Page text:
3060 Korean Profile in Childhood Asthma Severity Classification

Friday, 16 October 2015
Hall D1 Foyer (Floor 3) (Coex Convention Center)

Dongin Suh, MD , Department of Pediatrics, Seoul National University Hospital, Seoul, South Korea

Hyeon-Jong Yang, MD, PhD , Pediatrics, Soonchunhyang University College of Medicine, Seoul, South Korea

Bong-Seong Kim, MD, PhD. , Department of Pediatrics, Gangneung Asan Hospital, Gangneung, South Korea

Youn Ho Shin, MD , Department of Pediatrics, Gangnam CHA Hospitatl, Seoul, South Korea

So-Yeon Lee, MD , Department of Pediatrics, Hallym University Sacred Heart Hospital, Anyang, South Korea

Geunhwa Park, MD , Busan St. Mary's Medical Center, Busan, South Korea

Woo Kyung Kim , Seoul Paik Hospital, Seoul, South Korea

Hyo-Bin Kim, MD, PhD , Department of Pediatrics, Sanggye Paik Hospital, Seoul, South Korea

Heysung Baek, MD, PhD. , Department of Pediatrics, Kangdong Sacred Heart Hospital, Seoul, South Korea

Ja Kyoung Kim, MD , Department of Pediatrics, Kangwon National University, Chuncheon, South Korea

Dae Hyun Lim, MD, PhD , Department of Pediatrics, Inha University Hospital, Incheon, Incheon, South Korea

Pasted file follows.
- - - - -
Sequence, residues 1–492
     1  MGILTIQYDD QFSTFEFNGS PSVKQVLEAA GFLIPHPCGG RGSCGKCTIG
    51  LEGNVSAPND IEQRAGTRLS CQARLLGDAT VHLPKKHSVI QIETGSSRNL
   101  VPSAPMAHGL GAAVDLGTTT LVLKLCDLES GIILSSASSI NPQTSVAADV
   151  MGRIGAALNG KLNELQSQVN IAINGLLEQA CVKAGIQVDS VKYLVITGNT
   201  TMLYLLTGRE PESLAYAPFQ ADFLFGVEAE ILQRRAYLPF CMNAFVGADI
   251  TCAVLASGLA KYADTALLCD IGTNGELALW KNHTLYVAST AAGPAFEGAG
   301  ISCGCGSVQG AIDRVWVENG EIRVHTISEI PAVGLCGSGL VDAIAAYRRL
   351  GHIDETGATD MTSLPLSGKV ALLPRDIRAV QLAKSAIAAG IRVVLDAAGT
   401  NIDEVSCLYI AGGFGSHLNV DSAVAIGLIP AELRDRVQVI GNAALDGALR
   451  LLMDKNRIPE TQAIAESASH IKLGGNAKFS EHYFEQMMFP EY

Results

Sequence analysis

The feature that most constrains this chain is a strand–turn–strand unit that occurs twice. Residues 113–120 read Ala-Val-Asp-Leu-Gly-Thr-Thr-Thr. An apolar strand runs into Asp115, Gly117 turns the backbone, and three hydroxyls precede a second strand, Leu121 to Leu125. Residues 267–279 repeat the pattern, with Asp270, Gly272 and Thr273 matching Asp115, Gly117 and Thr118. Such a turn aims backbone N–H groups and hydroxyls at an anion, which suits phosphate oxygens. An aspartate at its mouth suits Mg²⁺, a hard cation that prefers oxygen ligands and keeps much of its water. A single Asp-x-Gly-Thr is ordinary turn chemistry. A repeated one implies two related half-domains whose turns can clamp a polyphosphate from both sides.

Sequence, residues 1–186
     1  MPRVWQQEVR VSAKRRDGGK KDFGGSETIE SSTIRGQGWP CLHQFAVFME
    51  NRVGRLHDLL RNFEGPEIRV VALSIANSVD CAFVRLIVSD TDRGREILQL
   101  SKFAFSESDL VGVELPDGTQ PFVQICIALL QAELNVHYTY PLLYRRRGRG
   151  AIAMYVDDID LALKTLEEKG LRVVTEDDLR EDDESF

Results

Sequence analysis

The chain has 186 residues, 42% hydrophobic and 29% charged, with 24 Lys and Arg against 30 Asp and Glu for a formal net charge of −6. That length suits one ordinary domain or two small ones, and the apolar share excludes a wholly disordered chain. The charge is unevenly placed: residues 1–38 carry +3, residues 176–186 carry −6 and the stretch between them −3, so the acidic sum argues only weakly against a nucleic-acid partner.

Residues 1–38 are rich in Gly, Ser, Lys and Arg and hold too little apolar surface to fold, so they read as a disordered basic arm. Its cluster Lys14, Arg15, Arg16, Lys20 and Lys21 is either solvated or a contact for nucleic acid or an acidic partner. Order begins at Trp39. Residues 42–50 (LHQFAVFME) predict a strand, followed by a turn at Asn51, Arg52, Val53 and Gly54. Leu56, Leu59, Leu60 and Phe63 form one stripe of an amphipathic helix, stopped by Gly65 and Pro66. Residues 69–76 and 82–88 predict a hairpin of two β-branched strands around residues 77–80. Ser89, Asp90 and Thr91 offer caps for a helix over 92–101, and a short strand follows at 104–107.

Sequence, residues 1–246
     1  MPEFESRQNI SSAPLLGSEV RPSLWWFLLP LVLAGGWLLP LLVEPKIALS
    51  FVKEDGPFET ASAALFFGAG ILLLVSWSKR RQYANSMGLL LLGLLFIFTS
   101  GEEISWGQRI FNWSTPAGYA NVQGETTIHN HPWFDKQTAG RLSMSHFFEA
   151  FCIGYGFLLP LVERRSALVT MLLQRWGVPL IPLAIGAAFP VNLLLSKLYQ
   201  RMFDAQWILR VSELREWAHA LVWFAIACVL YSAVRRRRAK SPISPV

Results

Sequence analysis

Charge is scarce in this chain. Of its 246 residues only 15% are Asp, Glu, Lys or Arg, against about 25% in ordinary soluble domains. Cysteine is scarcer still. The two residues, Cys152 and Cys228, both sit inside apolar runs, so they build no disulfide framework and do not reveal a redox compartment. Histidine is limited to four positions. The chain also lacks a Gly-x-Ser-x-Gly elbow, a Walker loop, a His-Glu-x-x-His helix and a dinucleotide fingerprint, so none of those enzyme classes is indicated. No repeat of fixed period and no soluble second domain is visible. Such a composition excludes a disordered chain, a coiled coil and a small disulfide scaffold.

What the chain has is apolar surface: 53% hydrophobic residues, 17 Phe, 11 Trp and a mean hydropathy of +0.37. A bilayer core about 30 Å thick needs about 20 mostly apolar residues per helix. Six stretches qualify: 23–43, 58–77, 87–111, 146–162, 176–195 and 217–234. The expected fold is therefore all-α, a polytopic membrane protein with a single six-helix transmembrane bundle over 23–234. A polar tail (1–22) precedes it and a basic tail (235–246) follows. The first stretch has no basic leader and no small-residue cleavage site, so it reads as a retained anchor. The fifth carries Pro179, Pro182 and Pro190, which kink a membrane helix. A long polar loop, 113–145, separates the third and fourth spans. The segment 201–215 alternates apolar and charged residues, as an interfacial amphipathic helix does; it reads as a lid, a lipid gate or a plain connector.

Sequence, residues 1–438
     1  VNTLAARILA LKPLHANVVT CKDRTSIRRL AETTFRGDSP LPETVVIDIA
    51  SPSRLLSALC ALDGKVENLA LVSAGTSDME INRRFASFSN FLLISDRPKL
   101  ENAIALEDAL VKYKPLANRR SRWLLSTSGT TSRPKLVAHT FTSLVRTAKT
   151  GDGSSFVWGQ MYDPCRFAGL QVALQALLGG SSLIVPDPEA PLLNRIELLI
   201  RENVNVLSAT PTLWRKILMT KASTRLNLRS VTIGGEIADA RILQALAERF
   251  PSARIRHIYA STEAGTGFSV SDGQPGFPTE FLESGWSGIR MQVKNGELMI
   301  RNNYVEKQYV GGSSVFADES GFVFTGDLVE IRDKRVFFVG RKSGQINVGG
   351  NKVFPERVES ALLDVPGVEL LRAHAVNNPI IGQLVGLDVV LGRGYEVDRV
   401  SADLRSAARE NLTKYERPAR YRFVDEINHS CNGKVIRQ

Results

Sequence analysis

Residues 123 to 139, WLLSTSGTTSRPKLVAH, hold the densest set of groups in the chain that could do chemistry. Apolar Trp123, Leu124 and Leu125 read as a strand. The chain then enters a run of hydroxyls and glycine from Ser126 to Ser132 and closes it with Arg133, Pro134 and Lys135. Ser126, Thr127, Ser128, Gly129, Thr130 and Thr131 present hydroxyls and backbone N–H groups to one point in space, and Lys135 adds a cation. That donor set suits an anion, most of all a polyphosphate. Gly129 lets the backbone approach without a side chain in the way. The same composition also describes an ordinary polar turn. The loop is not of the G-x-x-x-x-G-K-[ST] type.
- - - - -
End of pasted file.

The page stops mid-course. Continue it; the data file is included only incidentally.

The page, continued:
Jin Tack Kim, MD , The Catholic University of Korea, Seoul, South Korea


For the proper asthma management, information on the exact distribution of asthma severity is fundamental. In developing Korean pediatric asthma guideline, baseline data such as the severity distribution of or the prescription pattern to Korean asthmatic children are not available. 


We have requested 12 pediatric allergists to review the medical records on asthmatic children who visited their own clinic during the most recent 3 months. Based on the subjects’ symptoms, signs and their medications to maintain control, their asthma severities were assessed according to both the Global Initiative for Asthma (GINA) criteria and the Japanese Pediatric Guidelines for the Treatment and Management of Bronchial Asthma (JPGL) criteria.


A total of 840 cases (<3 years, 22.2%; 3-6 years, 26.4%; >6 years, 53.3%) were reviewed. Both criteria revealed that about 1/3 of asthmatic children had intermittent asthma whereas only <3% of subjects had severe persistent asthma. The pattern of prescribe controllers varied widely and did not match with asthma severity classification by either GINA or JPGL criteria, which was not confined to those in whom the severity assessed by each criterion was different from each other.


In Korea, there were distinctive patterns of distribution in the asthma severity, especially the prevalence of severe asthma was low. In the practice, patterns of prescription did not match with recommended modalities according to the severity assessed by either GINA or JPGL. The results will provide an evidence on the current state of Korean asthma practice in developing new practice guidelines suitable for Korean asthmatic children.